At 88, he is a historical rarity – the living son of a slave – Washington Post
How the Pandemic Defeated America – The Atlantic
The harrowing story of the Nagasaki bombing mission
The Case of the Top Secret iPod
The desperate fight to save his family ends in tragedy
We view Nikola’s response as a tacit admission of securities fraud
How big oil misled the public into believing plastic would be recycled – NPR
The Store That Called the Cops on George Floyd – Slate
What it’s like to get locked out of Google indefinitely – Business Insider
America’s Next Authoritarian Will Be Much More Competent – The Atlantic
JFK in Trauma Room One
The Mandalorian: Rosario Dawson Tells All About Ahsoka Tano – Vanity Fair
We had the vaccine the whole time – New York Magazine
Here’s why 2021 is going to be a great year – Business Insider

See also: 2017 Pocket Year in Review

2020 Spotify Year in Review

COVID-19 had a big impact on my Spotify listening in 2020. During pre-COVID times, I’d listen to Spotify, or music on my phone, while working out at the gym, commuting, completing menial work tasks, working around the house, etc. But when gyms closed in early March and when we were ordered to work from home, my Spotify and music intake nearly stopped. At the same time, my podcast queue was beginning to backup since I wasn’t commuting or leaving the house, so I started listening to podcasts during my home workouts, on my walks and bike rides, while completing chores around the house, etc. If there was a year to pause my Spotify subscription, this would have been it.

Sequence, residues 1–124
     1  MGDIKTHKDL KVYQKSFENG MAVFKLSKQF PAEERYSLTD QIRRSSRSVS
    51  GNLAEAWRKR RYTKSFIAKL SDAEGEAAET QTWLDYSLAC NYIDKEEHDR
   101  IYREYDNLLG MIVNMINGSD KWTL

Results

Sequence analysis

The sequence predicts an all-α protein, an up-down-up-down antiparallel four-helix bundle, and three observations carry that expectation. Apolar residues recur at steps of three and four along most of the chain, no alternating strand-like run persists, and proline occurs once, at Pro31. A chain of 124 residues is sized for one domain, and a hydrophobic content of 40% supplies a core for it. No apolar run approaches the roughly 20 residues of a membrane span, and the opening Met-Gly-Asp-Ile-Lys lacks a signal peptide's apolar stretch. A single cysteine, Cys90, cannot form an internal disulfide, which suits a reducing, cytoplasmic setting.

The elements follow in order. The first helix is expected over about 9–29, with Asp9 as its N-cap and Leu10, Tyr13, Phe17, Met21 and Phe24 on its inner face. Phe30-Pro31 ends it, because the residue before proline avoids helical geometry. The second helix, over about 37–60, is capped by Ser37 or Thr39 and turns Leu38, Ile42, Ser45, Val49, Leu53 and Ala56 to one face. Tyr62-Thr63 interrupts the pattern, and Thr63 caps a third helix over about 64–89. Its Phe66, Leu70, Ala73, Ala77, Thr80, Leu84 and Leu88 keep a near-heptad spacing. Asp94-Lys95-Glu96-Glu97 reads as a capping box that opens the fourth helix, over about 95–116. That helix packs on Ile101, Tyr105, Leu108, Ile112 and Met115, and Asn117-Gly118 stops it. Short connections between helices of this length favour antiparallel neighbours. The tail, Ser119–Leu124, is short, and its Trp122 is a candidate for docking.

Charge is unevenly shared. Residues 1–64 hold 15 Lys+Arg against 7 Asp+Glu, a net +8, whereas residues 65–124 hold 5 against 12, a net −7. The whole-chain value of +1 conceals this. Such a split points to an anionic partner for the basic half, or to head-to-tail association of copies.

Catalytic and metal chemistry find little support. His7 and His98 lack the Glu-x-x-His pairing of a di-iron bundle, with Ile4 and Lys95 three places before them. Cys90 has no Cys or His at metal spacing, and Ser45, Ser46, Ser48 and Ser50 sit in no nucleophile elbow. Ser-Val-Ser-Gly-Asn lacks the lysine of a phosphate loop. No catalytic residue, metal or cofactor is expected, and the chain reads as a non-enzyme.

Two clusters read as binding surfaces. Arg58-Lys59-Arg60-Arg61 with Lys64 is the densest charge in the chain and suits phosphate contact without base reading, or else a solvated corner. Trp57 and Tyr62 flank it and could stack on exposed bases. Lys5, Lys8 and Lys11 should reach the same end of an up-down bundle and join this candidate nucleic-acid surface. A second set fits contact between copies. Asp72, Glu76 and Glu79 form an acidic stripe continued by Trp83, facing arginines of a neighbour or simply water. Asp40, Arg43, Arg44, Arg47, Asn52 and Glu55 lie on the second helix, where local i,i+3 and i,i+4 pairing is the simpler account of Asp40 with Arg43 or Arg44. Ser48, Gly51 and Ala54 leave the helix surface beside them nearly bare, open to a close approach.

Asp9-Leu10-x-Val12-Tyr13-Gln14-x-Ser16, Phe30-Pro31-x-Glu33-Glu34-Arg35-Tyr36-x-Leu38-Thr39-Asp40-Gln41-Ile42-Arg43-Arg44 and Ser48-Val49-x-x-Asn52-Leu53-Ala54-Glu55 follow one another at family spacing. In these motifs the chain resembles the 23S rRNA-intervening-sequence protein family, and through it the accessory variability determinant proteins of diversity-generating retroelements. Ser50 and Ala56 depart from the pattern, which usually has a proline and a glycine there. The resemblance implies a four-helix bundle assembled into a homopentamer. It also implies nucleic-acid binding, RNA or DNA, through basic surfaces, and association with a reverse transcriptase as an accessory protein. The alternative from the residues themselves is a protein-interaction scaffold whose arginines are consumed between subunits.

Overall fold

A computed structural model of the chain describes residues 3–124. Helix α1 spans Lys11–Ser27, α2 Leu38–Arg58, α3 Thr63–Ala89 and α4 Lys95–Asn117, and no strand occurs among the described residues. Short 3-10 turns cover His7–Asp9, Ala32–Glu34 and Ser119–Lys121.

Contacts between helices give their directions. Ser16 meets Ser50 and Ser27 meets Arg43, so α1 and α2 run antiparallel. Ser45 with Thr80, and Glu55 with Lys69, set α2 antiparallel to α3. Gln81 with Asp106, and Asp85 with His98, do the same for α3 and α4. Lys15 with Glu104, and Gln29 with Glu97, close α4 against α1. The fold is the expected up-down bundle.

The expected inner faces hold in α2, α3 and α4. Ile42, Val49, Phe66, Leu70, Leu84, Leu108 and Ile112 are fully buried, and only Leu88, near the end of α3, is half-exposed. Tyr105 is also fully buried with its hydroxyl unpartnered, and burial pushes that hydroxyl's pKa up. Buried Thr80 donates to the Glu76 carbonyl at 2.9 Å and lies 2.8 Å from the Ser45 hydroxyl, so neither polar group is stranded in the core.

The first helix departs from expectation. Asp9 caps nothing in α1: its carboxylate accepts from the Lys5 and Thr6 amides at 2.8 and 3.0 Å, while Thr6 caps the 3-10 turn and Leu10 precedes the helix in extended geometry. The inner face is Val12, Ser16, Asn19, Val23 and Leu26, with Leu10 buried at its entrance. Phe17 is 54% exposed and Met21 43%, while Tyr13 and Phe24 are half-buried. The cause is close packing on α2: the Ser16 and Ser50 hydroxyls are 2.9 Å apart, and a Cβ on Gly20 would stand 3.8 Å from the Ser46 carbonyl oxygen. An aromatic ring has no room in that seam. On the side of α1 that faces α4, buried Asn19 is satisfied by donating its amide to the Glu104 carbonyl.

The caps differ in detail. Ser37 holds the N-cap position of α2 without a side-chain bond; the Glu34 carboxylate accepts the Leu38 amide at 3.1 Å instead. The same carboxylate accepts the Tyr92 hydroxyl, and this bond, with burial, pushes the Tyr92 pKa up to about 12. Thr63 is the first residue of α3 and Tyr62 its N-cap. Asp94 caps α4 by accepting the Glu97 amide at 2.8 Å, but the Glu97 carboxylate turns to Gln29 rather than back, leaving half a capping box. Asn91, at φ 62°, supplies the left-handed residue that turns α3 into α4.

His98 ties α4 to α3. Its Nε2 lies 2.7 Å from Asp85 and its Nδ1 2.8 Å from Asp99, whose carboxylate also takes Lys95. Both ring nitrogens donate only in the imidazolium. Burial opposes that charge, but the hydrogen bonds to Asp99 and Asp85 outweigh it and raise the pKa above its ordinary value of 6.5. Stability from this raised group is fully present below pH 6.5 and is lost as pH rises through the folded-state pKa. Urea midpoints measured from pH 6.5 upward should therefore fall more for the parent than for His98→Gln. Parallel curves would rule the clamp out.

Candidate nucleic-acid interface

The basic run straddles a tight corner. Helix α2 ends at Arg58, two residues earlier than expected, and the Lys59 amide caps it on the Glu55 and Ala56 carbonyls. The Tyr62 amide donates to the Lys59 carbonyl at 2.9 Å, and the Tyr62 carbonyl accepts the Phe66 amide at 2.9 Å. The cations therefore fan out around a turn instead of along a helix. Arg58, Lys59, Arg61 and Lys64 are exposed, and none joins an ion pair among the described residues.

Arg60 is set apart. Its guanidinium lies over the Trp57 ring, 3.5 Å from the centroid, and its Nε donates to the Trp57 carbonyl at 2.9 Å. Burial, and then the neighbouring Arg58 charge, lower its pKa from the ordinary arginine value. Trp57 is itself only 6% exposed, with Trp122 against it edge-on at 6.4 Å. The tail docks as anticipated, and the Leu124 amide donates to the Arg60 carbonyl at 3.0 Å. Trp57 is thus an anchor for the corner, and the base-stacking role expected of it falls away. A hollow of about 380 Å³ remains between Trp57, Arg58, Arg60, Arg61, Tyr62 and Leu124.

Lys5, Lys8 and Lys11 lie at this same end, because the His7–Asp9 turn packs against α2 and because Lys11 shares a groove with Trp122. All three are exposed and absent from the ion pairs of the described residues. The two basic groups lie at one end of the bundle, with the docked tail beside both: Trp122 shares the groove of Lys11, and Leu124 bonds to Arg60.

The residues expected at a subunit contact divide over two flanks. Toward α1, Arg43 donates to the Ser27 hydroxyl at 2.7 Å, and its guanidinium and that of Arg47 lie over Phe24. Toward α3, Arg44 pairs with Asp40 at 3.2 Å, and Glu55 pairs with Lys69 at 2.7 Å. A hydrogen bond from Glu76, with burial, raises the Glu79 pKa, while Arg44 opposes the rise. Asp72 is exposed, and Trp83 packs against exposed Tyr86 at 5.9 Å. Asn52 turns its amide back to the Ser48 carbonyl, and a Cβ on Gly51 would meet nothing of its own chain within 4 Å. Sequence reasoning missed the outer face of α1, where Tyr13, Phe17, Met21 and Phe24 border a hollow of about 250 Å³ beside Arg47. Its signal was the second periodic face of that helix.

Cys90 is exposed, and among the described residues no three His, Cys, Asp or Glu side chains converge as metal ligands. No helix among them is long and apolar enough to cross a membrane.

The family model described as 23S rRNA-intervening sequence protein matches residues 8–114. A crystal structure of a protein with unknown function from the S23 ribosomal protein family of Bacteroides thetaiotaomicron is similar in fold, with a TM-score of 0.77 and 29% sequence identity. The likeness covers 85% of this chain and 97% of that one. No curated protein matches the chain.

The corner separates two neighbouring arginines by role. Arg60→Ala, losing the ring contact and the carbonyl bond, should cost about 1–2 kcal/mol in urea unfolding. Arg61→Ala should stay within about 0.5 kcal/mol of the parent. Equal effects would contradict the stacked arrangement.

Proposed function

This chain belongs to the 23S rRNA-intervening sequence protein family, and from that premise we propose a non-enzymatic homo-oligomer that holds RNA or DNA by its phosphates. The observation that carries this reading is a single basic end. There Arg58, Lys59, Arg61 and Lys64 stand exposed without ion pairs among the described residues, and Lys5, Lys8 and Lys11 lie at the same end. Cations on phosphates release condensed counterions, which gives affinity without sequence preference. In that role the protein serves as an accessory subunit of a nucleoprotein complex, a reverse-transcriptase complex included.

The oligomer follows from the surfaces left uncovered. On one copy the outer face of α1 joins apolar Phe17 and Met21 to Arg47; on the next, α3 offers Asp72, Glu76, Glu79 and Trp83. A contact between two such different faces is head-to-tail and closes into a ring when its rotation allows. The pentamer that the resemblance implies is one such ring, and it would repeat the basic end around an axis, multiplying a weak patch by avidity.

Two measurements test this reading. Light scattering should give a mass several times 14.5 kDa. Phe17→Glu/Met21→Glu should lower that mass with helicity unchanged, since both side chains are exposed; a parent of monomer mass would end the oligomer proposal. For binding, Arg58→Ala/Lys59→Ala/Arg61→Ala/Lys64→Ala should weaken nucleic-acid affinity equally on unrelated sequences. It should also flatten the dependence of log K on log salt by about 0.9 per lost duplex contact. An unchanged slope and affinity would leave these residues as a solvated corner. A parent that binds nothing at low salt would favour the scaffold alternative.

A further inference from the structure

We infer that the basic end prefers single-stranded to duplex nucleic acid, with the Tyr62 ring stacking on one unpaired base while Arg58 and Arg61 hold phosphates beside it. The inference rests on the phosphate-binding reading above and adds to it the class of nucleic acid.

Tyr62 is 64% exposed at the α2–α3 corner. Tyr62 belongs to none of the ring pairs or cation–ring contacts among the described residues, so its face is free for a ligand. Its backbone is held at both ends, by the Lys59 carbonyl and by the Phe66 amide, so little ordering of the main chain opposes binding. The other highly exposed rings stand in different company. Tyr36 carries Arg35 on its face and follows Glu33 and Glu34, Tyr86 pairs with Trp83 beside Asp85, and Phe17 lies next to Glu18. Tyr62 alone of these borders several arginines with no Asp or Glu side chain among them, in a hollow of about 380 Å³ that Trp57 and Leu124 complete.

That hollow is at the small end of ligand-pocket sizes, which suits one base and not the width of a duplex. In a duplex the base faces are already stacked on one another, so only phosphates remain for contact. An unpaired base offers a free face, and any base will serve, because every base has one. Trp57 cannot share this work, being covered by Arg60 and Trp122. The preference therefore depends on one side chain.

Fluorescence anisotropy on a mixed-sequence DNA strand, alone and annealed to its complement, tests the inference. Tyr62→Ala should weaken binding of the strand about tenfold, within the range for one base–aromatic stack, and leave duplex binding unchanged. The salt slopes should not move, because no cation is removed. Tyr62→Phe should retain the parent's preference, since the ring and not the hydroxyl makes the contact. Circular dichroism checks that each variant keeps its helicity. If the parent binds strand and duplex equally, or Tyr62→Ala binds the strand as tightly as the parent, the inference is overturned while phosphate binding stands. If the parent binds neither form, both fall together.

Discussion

Compared to 2019, I listened to half the music (7,354 vs. 14,422 minutes).

No surprises with the genres I listened to. The “show tunes” was the Hamilton soundtrack–probably listened to after July 3 when “Hamilton” was released on Disney+.

In January and February, I was really hot on Ben Kenney’s new album, “Must Be Nice,” released on Christmas Day 2019.

I did manage to listen to 478 different artists this year?!?

But here are my top artists:

If I didn’t listen to “Stamped From the Beginning,” I’d guess that Run the Jewels or Night Flight were in my top five artists.

See also: 2019 and 2018 Spotify Year in Review

The way this year’s Seahawks are built, it’s Super Bowl or bust →

As a Seahawk’s fan, this season has been a wild ride, as wild a ride as any of the last 11 seasons with Coach Pete Carroll at the helm. This season we’ve had only a few decisive victories, baffling losses, and most games were nail-biters, determined in the final minutes of the game. That’s Pete Carroll-Seahawks football.